Advanced technology helping migrant smuggling gangs stay ahead of the curve
Migrant smugglers are turning to more and more sophisticated methods to get people across international borders, a new Europol report claims.
Trafficking networks are becoming increasingly organised and making use of ever advancing technology, according to research published to mark the first two years of the European Migrant Smuggling Centre (EMSC).
Fake travel documents are more convincing than ever – but some gangs are exploiting poor government computer security to secure genuine papers.
These techniques have helped smuggling rings remain highly profitable despite falling migration numbers, as the syndicates enjoy a low risk of detection.
The EMSC has now called for greater horizon-scanning to help international law enforcement better respond to emerging trends.
Robin Crepinko, head of the EMSC, said migrant smuggling to and within the EU will likely remain a “key criminal threat” over the next few years.
“In order to fight this crime more effectively, it is important to anticipate the developments of new modi operandi and shifts in the criminal market,” he added.
“Among others, use of advanced technology, especially related to document fraud, increased use of genuine documents by lookalikes, and abuse of visa-free travel, are expected to significantly impact the migrant smuggling landscape in the future.”
The EMSC was set up in 2016 following the vast increase in migration due to the ongoing conflict in the Middle East.
Europol established that many migrants enlisted the help of criminal organisations to cross international borders.
The two-year report, published on Friday (April 20) at a conference in The Hague, found 204,719 illegal border crossings were detected in 2017, down 60 per cent on 2016.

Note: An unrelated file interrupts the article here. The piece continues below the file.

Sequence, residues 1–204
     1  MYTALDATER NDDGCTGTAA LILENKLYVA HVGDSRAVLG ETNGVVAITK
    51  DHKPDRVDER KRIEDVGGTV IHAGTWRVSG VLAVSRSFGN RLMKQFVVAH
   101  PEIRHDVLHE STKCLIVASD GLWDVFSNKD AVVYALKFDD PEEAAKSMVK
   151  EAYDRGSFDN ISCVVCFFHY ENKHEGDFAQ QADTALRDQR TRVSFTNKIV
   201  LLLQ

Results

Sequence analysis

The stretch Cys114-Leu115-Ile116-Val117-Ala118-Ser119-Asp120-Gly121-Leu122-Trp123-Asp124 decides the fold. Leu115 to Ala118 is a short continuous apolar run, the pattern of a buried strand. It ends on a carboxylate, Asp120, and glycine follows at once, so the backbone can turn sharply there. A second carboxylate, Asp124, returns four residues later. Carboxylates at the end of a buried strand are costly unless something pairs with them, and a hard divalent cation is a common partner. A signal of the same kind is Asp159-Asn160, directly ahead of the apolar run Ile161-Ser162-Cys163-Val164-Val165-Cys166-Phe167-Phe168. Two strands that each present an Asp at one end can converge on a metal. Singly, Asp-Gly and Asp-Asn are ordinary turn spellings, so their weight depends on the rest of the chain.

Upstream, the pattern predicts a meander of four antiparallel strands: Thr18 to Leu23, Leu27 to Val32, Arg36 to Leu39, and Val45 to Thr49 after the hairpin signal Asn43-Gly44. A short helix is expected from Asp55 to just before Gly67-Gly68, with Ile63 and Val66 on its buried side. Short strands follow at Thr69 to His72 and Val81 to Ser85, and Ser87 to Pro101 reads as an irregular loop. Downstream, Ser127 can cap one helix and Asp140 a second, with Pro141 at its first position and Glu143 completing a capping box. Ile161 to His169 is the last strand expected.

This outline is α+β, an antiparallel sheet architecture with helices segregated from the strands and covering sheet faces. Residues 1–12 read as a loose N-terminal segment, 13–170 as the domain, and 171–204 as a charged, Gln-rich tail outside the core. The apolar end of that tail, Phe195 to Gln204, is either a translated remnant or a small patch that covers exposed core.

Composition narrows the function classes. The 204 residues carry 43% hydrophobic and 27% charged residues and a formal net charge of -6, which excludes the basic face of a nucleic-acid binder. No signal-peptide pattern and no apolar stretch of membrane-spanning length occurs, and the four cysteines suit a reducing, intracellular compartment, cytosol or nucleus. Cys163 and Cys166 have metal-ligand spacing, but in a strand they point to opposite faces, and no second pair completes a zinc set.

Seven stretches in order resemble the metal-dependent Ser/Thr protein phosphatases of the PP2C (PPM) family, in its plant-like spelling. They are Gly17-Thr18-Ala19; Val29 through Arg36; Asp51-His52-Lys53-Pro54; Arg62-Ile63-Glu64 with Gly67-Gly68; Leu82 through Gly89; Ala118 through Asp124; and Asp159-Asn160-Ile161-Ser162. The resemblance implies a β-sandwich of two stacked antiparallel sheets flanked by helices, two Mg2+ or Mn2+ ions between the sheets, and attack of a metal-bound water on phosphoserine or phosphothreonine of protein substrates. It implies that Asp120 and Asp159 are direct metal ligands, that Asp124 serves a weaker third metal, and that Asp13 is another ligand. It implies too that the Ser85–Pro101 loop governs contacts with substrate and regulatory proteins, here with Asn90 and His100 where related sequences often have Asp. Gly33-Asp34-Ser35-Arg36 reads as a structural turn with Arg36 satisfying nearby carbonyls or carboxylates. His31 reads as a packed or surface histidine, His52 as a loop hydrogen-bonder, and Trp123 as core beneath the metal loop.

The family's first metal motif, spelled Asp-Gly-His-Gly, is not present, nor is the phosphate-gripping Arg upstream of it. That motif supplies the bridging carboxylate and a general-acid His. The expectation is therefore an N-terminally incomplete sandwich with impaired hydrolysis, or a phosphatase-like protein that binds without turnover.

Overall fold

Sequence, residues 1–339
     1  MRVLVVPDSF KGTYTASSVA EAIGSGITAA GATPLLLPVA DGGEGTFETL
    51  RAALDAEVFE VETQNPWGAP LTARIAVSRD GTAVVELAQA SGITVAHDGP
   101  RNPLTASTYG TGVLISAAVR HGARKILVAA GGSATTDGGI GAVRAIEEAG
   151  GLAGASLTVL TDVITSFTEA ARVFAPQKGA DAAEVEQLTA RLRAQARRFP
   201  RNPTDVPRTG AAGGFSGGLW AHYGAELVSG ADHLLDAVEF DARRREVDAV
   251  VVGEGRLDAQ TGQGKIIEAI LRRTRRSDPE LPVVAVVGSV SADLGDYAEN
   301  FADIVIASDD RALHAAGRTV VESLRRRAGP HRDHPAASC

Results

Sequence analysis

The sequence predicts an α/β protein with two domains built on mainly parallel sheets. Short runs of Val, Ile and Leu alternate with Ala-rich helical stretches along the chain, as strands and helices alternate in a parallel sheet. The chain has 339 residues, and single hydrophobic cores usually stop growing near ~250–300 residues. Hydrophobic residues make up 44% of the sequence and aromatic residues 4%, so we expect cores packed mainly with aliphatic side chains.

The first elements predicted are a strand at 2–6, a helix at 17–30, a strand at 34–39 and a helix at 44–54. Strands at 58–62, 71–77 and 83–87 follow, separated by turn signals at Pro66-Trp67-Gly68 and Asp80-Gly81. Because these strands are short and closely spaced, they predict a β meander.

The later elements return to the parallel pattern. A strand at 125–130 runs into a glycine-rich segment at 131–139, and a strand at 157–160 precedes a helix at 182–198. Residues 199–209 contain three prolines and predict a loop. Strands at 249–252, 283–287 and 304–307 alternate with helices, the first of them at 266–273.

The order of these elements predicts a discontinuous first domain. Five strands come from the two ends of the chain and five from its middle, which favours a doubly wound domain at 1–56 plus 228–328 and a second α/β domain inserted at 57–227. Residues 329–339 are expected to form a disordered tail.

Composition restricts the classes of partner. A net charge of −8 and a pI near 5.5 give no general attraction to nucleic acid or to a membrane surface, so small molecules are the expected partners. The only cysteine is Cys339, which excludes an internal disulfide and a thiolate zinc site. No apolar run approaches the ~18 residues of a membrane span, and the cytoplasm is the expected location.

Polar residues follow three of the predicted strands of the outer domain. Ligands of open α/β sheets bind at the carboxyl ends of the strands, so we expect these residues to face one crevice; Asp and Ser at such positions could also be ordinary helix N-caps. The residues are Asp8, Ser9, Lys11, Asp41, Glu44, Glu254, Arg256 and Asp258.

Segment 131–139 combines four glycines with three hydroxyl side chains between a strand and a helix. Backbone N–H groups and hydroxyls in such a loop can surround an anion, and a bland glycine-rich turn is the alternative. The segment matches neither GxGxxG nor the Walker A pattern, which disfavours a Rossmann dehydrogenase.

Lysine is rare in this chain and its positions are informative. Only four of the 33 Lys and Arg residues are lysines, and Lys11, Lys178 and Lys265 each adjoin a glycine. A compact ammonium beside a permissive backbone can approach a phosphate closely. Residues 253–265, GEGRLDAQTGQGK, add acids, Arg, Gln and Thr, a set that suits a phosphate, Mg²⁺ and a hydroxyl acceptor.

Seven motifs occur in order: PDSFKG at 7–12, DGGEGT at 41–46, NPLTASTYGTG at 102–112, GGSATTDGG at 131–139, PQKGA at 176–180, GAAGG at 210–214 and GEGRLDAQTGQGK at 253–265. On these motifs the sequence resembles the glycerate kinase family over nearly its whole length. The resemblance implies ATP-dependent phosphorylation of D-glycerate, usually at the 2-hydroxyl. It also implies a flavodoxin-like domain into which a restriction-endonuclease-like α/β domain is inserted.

Libya is still the main departure point for migrants travelling to Europe with almost 119,000 detected in 2017 – a 34 per cent decrease – but the number of irregular migrants travelling through the Western Mediterranean more than doubled to at least 23,143.
Organised crime groups operating in Belgium and France are also providing smuggling services to migrants seeking entrance to the UK.
Albanian gangs have become particularly established in this region and are mostly smuggling their own nationals.
The EMSC raised concerns over the “sophisticated” methods smugglers have turned to that often put lives at risk.
Criminals have been observed trafficking people in purpose-built airtight compartments in vehicles, and are increasingly conscious of avoiding an electronic footprint that could lead to their detection.
Fake travel documents are also becoming more common, particularly among Greek and Turkish gangs, with forgeries now at a very high quality.
However, some groups were found to be abusing government IT system to issue official documents, or trading papers on illegal Darknet marketplaces.
A third of operational cases supported by the EMSC in 2017 had strong links to document fraud.
Europol director Rob Wainwright said: “Fortunately the numbers of irregular migrants arriving in the EU have fallen since 2015, but there are still far too many deaths at sea caused by ruthless and reckless smugglers.
“Furthermore some of the organised crime groups who have profited from the crisis have established sophisticated criminal networks which remain challenging to disrupt and unravel.
“As it enters its third year, the EMSC will need to maintain the levels of agility which allowed it to become operational so quickly in 2016, in order to continue to respond effectively to the rapidly evolving criminal threats.”